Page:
Cars need tires to go anywhere and some of the materials used to make tires is in short supply, forcing tire makers to look into alternative options. Currently, a few tire companies are looking at sourcing rubber from the guayule plant, a weed that grows all over the southwest United States.
The tire industry is having a hard time coming up with enough rubber to meet demand. Natural rubber is usually harvested from Hevea trees, according to AutoGuide, also called rubber trees. The milk-like sap of these trees, latex, is tapped by scoring the bark, just like maples for making syrup, then refined into rubber.
About 70 percent of the world’s supply of natural rubber is from Indonesia, Malaysia and Thailand, but production has been falling for some time; according to Science Daily and MotorTrend, the trees are fragile things, highly susceptible to disease and even moderate temperature variations.
Tire makers are trying to find an alternative, one of which is the guayule (pronounced “why-you-lee”) plant, parthenium argentatum, a weed that grows all over the southwestern United States.
Guayule isn’t the only latex-secreting plant; AutoGuide quotes a Bridgestone exec as saying “there are hundreds if not thousands.” The Fountain of Internet Wisdom, Wikipedia, reports at least 20,000, including milk-cap mushrooms and some coniferous species (read: pine trees) though it’s more common among plants in tropical climates than temperate.
Curiously, opium is the latex of poppies, though obviously put to insidious uses.
Guayule is a weed that grows on next-to-nothing, so it’s easily farmed. To extract the latex, plants are chopped off at the root and macerated en masse. The latex is extracted from there. The waste is usable too; according to CleanTechnica, the plant produces farnesene, a biofuel, and the leftovers from latex extraction, after processing, have the same energy potential in British Thermal Units or btu’s as charcoal.
Granted, this is nothing new. Time magazine reported on the potential of guayule rubber in 1928 and according to AutoGuide, the U.S. Government experimented with tires made from guayule rubber during World War II, but it didn’t go anywhere. There are companies already using the rubber from it, such as Yulex, which provide guayule rubber to makers of everything from yoga mats to medical supplies to “family planning,” without going into too much detail. (Infer what you wish.)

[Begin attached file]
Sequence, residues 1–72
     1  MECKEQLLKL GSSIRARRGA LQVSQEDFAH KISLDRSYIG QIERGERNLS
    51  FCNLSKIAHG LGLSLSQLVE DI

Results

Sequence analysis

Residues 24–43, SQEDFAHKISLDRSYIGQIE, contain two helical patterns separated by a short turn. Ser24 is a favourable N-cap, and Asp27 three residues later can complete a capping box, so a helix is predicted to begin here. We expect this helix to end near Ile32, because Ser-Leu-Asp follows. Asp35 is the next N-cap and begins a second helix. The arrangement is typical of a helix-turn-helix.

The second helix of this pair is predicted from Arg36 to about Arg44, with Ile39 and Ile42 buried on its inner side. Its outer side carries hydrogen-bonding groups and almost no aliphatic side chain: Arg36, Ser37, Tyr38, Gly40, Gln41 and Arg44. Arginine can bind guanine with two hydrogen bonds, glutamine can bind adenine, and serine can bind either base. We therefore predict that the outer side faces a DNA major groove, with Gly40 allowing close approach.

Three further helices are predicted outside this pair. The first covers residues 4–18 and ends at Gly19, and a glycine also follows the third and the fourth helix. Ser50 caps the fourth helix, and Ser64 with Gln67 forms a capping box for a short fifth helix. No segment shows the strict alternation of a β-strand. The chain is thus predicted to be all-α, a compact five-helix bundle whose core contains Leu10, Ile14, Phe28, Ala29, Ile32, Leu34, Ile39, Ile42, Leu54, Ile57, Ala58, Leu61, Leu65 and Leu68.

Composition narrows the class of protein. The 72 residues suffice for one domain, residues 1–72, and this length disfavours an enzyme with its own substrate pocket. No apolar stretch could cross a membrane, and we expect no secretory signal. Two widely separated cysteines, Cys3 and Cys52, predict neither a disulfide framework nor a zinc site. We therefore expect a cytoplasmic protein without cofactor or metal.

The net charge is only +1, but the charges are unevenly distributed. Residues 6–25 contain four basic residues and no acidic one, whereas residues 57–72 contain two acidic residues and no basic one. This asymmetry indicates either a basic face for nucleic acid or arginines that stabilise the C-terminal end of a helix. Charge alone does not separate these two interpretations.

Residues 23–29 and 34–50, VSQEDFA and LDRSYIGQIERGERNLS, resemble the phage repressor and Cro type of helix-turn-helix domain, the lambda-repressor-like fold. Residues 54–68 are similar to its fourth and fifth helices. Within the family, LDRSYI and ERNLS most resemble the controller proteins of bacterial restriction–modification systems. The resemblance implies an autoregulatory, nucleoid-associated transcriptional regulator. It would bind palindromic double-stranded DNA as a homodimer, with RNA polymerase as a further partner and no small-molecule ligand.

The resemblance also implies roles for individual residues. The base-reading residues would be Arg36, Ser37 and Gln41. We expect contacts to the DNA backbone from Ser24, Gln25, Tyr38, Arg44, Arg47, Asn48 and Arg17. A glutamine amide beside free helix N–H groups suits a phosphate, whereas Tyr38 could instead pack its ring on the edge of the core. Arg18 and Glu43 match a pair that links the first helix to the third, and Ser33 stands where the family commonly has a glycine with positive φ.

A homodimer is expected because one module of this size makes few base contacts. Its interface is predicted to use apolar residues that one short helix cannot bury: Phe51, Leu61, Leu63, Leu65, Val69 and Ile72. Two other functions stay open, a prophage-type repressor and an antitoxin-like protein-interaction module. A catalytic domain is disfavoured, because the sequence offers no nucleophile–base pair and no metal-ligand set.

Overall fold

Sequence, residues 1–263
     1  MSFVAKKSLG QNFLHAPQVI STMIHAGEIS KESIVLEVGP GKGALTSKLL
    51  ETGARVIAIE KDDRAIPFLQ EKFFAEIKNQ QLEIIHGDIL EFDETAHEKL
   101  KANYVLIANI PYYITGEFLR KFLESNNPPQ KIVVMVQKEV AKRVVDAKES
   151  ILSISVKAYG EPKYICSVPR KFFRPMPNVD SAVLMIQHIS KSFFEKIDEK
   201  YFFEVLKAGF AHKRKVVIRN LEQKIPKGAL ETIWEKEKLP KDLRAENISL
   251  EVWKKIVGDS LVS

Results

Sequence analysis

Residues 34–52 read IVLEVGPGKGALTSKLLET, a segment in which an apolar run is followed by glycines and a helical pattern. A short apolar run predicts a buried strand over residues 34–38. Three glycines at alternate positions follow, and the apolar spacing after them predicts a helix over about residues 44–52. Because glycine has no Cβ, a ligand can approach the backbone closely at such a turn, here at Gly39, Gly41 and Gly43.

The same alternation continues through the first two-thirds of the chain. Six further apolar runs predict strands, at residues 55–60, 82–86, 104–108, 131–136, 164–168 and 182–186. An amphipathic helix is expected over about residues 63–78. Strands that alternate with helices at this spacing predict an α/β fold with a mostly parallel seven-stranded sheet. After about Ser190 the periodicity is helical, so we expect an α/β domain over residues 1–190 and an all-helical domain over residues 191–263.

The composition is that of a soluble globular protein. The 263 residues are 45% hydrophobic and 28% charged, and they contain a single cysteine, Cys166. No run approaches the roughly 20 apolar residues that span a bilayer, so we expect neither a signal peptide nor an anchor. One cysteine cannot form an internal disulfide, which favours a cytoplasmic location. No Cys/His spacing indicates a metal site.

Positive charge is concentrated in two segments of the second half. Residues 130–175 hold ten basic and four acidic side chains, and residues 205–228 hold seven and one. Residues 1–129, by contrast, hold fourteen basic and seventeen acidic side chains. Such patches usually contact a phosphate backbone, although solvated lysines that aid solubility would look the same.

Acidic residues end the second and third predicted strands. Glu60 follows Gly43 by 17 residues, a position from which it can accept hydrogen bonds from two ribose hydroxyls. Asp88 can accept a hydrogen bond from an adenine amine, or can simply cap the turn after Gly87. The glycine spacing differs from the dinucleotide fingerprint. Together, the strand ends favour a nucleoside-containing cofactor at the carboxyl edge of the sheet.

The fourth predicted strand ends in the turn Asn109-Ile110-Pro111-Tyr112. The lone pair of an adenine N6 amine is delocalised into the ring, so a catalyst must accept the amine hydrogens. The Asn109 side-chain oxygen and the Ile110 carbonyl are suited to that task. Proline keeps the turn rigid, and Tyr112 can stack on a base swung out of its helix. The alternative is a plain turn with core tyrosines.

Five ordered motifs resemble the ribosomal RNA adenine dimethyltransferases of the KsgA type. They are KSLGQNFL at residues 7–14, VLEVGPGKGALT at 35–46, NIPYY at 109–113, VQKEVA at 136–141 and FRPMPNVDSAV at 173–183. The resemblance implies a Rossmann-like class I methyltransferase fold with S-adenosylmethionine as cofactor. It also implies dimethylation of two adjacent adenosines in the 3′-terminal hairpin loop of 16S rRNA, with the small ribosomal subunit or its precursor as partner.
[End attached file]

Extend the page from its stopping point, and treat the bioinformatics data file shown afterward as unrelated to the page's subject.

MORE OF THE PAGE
Yulex is also partnering with Cooper Tires for development. Bridgestone is also looking into guayule rubber production.
A while before hitting stores
It is going to be some time before guayule rubber tires hit stores or appear on, say, a new Camry at Toyota dealers in Edmunds, Wa., or wherever. Bridgestone and Cooper estimate it will be five years until commercial production is viable and neither has a prototype ready yet. According to Science Daily, Apollo Vredestein, a Danish tire company, produced prototype tires this year from latex sourced from guayule, which is farm-grown in Spain for bio-fuels, and Russian dandelion.
However, there has to be a new source for natural rubber. Natural rubber, according to AutoGuide, is preferable to synthetic, as it copes better with variations and extremes of temperature. The typical passenger tire, according to MotorTrend, is comprised of less than 20 percent natural rubber. Aircraft or other commercial tires are up to 40 percent natural rubber.
The Great Wiki Oracle: http://en.wikipedia.org/wiki/Latex